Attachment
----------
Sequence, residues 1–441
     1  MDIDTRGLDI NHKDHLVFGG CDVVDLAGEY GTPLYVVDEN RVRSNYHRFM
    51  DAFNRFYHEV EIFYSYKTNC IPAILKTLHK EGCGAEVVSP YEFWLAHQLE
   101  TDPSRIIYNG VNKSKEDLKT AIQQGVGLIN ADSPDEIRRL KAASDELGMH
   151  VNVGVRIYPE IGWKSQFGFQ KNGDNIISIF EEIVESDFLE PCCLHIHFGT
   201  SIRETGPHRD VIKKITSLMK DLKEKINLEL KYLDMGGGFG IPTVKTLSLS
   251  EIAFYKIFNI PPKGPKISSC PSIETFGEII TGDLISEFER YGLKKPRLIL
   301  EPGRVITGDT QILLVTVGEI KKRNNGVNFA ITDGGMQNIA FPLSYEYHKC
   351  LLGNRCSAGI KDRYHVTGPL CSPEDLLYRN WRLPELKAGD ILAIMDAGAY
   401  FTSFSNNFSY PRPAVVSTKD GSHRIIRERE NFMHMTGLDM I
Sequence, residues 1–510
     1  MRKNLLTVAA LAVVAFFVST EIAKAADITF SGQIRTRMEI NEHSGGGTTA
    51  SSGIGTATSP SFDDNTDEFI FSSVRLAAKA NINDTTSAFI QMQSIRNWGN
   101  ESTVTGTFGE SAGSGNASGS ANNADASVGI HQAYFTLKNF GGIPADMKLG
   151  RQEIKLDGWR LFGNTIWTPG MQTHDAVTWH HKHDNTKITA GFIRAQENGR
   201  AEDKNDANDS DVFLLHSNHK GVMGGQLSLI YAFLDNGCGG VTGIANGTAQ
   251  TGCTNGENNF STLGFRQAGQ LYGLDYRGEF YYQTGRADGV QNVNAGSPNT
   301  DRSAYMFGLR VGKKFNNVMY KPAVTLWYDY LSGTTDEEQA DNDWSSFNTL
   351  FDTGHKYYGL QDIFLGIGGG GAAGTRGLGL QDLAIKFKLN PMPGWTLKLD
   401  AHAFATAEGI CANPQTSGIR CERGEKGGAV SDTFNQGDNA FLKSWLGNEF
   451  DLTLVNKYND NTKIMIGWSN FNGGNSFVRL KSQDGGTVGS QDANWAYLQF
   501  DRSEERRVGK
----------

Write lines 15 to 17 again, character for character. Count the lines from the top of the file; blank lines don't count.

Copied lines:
   151  RQEIKLDGWR LFGNTIWTPG MQTHDAVTWH HKHDNTKITA GFIRAQENGR
   201  AEDKNDANDS DVFLLHSNHK GVMGGQLSLI YAFLDNGCGG VTGIANGTAQ
   251  TGCTNGENNF STLGFRQAGQ LYGLDYRGEF YYQTGRADGV QNVNAGSPNT